Tanga. The government has advised sisal farmers to brace for a new threat from mass production of biopolymers in Europe.
Agriculture minister Charles Tizeba said the crop could once again be thrown into the stiff competition like that of the 1980s, which resulted in a serious fall in production unless immediate measures were taken to expand the market.
He was responding to Tanga Regional Commissioner Martine Shigela’s request for the government to consider including sisal on the list of strategic crops.
Biopolymers are widely used in developed countries, replacing conventional polymers as food packaging materials.
According to Dr Tizeba, while the government agrees with the suggestion of including sisal as a strategic crop because of its potential, sisal stakeholders in general should take steps to cushion the threat.
“We must not sit back as we did during the times of synthetics.” He said one of the major problems facing sisal was an overdependence on the foreign market instead of exploring the domestic market. He said, for instance, the nation could consider whether it was necessary to import jute packaging products instead of using sisal fibres.
“Many users give reasons which are irrelevant on the importation of jute products. But there also a need to look into the capacity of Tanzania’s sisal plants whether their products can meet demand.” He spoke about a lot of foreign exchange being spent of importing packaging materials.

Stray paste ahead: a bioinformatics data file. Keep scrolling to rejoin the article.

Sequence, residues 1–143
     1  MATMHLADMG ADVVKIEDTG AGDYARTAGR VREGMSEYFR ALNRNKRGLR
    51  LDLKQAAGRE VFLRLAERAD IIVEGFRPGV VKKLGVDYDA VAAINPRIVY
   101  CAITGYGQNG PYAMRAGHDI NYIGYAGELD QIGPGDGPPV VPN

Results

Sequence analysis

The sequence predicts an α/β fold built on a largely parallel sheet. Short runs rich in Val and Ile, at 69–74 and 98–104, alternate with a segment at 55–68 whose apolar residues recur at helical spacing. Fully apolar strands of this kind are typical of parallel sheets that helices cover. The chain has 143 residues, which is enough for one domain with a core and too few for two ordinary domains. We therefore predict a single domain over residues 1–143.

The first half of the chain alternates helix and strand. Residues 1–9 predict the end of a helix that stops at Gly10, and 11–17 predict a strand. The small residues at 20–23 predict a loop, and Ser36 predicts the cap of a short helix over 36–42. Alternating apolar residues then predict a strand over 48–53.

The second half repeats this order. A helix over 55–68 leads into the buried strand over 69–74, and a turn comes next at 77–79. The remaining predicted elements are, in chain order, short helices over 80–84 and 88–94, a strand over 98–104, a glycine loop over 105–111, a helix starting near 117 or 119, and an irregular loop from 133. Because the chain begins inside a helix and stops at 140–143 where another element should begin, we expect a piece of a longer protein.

He urged stakeholders to increase the use of the sisal plants from the current two per cent to 98 per cent.
Assistant regional administrative secretary Monica Kinala stressed the need to increase the use of sisal products to expand its internal market
Biopolymers are not new. In the 1850s, a British chemist created plastics from bio-cellulose. Henry Ford, in the early 20th century, experimented with the use of different polymers derived from soy proteins in his automobiles. After that, in the ’70s, biodegradable polymers gained wider interest in the USA during the great oil crisis.
The 1980s brought items such as biodegradable films, sheets and mold-forming materials. Nowadays, a different type of bio-material is usually combined with glass, metals, board and an assortment of fuel-based plastic polymers, or used for food packaging as a pure bio-material.
These materials are applied in various combinations to provide unique properties that ensure the safety and quality of packed food products, from processing, handling, and storage to final use by consumers.
On account of environmental change, biopolymers have been elevated to important roles by customers, financial specialists and worldwide producers in recent years. A few plastic materials with properties similar to those of petroleum-based polymers (frequently called biopolymers) are now available.